Six-term school year begins

Click to follow
The Independent Online

The first radical shake-up of the school calendar for more than a century will see nearly 450,000 pupils moving to a new six-term year from this week.

The first radical shake-up of the school calendar for more than a century will see nearly 450,000 pupils moving to a new six-term year from this week.

More than 1,500 schools in at least a dozen education authorities are introducing the timetable from the beginning of this term. Around 80 of the 150 authorities in England are expected to have started it by September next year, and local authority leaders say every school could be on the timetable by September 2006.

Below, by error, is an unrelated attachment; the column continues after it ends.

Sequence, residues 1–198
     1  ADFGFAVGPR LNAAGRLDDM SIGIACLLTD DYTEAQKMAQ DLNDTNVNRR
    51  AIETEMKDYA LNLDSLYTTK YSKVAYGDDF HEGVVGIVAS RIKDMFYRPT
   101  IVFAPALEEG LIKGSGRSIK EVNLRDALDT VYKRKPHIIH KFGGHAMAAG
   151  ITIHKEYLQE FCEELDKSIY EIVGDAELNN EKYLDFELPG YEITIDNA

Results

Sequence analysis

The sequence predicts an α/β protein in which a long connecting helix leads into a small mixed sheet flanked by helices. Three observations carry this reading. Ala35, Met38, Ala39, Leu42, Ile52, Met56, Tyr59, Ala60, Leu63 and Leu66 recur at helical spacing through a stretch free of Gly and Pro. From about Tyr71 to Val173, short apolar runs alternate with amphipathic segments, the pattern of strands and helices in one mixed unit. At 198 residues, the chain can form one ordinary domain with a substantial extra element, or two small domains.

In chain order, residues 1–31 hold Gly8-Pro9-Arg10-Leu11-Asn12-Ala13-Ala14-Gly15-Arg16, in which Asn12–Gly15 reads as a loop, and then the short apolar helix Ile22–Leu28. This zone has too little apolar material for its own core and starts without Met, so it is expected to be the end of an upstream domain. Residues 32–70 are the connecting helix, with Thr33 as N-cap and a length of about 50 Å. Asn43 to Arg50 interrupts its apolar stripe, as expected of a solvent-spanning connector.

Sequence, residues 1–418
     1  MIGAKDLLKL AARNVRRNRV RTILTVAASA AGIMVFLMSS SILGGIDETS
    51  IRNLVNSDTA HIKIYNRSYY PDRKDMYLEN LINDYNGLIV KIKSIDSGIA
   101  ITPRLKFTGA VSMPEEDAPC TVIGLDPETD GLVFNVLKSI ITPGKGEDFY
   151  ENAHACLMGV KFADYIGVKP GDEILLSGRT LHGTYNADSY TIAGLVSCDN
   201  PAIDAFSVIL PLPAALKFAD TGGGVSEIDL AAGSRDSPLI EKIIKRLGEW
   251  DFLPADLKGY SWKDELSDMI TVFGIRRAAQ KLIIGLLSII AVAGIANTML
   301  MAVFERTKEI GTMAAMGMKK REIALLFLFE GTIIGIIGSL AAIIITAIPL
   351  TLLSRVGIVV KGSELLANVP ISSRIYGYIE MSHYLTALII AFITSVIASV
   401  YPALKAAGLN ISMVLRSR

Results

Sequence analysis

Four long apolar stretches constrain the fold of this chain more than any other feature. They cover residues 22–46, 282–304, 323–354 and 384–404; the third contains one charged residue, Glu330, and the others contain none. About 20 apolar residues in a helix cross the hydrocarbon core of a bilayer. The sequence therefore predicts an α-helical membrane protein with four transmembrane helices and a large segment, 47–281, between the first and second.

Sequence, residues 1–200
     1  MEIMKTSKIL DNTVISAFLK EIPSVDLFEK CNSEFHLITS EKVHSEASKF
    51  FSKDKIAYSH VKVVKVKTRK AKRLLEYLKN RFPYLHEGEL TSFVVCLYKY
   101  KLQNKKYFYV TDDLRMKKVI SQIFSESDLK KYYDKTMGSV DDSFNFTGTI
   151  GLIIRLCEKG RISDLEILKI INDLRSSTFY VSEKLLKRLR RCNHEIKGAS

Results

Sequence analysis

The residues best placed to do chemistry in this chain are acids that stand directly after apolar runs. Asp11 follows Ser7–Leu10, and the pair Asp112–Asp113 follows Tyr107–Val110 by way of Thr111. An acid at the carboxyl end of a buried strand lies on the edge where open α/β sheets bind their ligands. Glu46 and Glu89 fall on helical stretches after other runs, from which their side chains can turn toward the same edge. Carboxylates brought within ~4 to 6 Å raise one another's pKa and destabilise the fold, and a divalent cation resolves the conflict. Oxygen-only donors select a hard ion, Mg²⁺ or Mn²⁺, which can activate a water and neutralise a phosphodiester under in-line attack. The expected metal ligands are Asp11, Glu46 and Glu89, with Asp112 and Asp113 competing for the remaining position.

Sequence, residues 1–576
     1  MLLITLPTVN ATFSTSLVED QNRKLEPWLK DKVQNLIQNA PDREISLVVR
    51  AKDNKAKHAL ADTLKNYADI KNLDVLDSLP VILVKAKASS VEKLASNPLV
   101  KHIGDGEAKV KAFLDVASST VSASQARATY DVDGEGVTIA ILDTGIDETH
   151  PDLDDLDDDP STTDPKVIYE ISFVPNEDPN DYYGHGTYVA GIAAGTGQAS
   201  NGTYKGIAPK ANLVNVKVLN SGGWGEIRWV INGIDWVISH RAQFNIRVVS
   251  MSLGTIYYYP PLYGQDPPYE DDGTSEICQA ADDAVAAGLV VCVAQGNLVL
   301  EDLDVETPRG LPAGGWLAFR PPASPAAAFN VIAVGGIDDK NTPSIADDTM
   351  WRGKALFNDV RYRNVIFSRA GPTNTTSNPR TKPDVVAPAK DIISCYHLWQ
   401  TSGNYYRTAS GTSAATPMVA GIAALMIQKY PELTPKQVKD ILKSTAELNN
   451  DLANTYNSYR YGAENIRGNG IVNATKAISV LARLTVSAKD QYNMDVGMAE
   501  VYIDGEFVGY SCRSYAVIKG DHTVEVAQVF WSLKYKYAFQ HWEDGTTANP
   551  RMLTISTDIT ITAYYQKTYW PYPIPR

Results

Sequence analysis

Under the shake-up, the year will be broken into six terms of roughly equal length. Some authorities are planning a longer than usual half-term break in October so pupils and teachers can refresh themselves for the run-up to Christmas. There will also be a fixed two-week break in April.

Supporters of the six-term year say it will relieve teachers' stress and improve pupil behaviour. They are holding discussions with Mike Tomlinson, the former chief schools inspector who is heading a government inquiry into exam reform, to see if A-levels and GCSEs could be brought forward. This would allow students to apply to university after they have received their A-levels rather than scramble for places if they fail to get the grades they need for provisional offers.

Comments